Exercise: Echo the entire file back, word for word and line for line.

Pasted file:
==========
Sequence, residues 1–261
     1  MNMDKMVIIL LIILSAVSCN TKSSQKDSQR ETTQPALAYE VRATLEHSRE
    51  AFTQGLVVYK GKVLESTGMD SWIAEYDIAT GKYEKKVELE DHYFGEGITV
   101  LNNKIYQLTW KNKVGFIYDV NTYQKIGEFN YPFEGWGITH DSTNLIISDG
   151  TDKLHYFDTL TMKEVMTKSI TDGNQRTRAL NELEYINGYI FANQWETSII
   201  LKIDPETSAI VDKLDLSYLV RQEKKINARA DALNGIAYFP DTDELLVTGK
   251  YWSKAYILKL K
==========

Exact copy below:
Sequence, residues 1–261
     1  MNMDKMVIIL LIILSAVSCN TKSSQKDSQR ETTQPALAYE VRATLEHSRE
    51  AFTQGLVVYK GKVLESTGMD SWIAEYDIAT GKYEKKVELE DHYFGEGITV
   101  LNNKIYQLTW KNKVGFIYDV NTYQKIGEFN YPFEGWGITH DSTNLIISDG
   151  TDKLHYFDTL TMKEVMTKSI TDGNQRTRAL NELEYINGYI FANQWETSII
   201  LKIDPETSAI VDKLDLSYLV RQEKKINARA DALNGIAYFP DTDELLVTGK
   251  YWSKAYILKL K